Donkey and Storm Update

I’ve been so busy writing about Fiona that I haven’t had a chance to talk about the horrible weather that’s been going on here (what else is new? the weather has been bad everywhere!). But I know the donkey fans out there will also want to know how the little darling is doing.

Feisty Fiona

Well, she hasn’t injured anyone since Wednesday! Hooray! Actually, when Mandi and I went to feed and medicate her yesterday, it went really well. She is always so glad to see me that it makes my heart swell. It’s great to be loved! And with me holding her head and Mandi squirting the medicine in her mouth, everything was over in a moment.

You aren’t gonna give me a shot, are you?

Fiona even took a treat right after the medicine (when I first was working with Apache, he would not take a treat from anyone until at least a day after you gave him his worming medicine, but now he trusts me not to worm him twice).

She is not walking 100%, but is not hopping or anything. Whew.

Wait, are treats involved?

Feisty Weather

We have been having wave after wave of strong storms lately, but the one that came through on Wednesday (the one that messed up the hawk feathers) was even worse. Tornadoes touched down again in Milam County, and some kind of wind event struck the ranch, too. The good news is that no people or animals were hurt, that we can tell. But:

Over at Sara and Ralph’s, a large hackberry tree blew completely over and landed all over the garlic and onion plants I planted last fall. The tree next to it lost a very large branch. And while the tree closest to their house didn’t fall down, a branch from a tree behind the house flew over and landed on the front yard tree. The house got a little damage, too.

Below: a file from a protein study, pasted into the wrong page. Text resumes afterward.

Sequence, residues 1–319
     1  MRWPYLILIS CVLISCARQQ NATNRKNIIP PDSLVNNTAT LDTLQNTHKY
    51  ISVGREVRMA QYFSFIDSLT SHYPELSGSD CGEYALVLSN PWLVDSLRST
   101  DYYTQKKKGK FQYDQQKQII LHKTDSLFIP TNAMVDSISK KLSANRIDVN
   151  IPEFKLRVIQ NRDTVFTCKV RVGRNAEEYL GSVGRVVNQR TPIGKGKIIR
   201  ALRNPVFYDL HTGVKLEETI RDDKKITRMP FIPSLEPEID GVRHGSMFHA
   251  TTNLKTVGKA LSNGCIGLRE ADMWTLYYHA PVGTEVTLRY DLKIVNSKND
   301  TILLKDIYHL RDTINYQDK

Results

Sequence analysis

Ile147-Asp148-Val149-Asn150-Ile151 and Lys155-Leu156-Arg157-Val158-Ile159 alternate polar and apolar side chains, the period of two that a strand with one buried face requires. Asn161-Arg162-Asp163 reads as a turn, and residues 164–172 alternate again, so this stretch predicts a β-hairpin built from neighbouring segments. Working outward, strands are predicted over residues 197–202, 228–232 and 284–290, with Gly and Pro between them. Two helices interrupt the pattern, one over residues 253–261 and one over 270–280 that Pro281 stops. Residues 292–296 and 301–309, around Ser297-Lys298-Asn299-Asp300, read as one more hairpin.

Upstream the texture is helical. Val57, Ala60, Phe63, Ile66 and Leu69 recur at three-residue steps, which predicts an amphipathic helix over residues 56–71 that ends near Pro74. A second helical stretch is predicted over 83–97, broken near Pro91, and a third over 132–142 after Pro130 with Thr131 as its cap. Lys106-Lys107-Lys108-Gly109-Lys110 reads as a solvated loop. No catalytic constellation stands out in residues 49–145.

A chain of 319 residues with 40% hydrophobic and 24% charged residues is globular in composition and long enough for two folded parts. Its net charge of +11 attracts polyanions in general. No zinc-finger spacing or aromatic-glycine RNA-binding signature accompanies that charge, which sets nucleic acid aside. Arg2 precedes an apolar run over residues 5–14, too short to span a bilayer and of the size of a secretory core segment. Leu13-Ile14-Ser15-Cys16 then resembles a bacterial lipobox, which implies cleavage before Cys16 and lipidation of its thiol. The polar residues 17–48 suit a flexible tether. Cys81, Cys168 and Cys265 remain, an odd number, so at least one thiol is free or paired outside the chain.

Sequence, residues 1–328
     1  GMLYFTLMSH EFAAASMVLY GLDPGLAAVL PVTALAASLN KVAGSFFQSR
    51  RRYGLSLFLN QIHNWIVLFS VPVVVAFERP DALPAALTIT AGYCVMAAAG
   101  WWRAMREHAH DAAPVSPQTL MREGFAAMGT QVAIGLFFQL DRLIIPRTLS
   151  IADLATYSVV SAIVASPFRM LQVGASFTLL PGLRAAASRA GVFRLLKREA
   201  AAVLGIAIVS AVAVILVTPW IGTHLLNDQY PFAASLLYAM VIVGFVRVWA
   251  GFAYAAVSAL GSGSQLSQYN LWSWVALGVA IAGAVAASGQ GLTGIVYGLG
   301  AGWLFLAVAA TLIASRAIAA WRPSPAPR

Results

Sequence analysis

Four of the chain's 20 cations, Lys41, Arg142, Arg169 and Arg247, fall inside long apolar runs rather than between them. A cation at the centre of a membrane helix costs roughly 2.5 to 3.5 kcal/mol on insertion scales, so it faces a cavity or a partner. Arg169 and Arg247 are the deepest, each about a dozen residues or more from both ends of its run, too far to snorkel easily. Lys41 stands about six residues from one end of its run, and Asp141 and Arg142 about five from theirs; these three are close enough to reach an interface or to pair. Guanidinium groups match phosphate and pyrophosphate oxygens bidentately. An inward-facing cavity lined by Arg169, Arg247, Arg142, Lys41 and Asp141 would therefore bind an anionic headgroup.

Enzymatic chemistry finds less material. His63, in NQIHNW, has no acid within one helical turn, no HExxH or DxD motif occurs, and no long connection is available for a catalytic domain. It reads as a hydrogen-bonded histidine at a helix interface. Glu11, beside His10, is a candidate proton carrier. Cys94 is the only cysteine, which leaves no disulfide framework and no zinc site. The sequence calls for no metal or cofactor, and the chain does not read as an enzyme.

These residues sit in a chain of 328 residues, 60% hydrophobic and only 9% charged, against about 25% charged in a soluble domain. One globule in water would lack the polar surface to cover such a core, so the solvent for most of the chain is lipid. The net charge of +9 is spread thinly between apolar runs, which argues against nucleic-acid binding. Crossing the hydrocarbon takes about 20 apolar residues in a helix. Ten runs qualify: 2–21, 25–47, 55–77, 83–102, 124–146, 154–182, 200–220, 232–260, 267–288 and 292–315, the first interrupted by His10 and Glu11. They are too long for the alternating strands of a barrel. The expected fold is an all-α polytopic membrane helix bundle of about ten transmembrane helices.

According to Tyler Vrazel, who leases our pastures, we lost a bunch of trees in the flood plain area, but we couldn’t get to them to really check, due to the saturated ground.

And over at the cabin, Tyler Lawson said he sat there and watched the porch posts go up and down over and over (it’s not cemented in, just sitting on the ground). He said it rose and fell about five inches. And, quite sadly, the beautiful redbud tree that is by the cabin gate got blown over. I am hoping it comes back from the roots, because it is a gorgeous specimen, with the most intense flowers I’ve seen on a redbud.

That was a great tree, for a hackberry (photo by Ralph Mitchell )

And the worst (for me) is that the storm picked up the chicken coop and moved it five feet to the east. The nest boxes didn’t move, which probably kept it from going any further. It messed up their food trough and water dispenser. too. I couldn’t get to the boxes to get to the eggs, but luckily, Tyler L. was able to move it near where it used to be, but it’s a mess. He says he’ll work on fixing it this weekend, so I hope I can help him.

Such a nice tree

There were ten eggs, so the chickens seem to have not been too concerned! I was surprised that the person who feeds the chickens during the week didn’t say anything about it to his mom. It turns out he thought the nest box moved. Next time something breaks, I hope someone tells me!

Looks like the last non-laying hen has started laying. That’s a small egg!

At least the horses came through it all just fine. They even were clean.

We are in for more bad weather this weekend, but are enjoying a cool spell. Can’t complain too much when it’s only in the 60s during the day in May! I’m hoping that my friends and family in the Houston area don’t get hammered again, though. This is the wettest spring in many, many years in this area. And that’s the weather and donkey report!

Author: Sue Ann (Suna) Kendall

The person behind The Hermits' Rest blog and many others. I'm a certified Texas Master Naturalist and love the nature of Milam County. I manage technical writers in Austin, help with Hearts Homes and Hands, a personal assistance service, in Cameron, and serve on three nonprofit boards. You may know me from La Leche League, knitting, iNaturalist, or Facebook. I'm interested in ALL of you!

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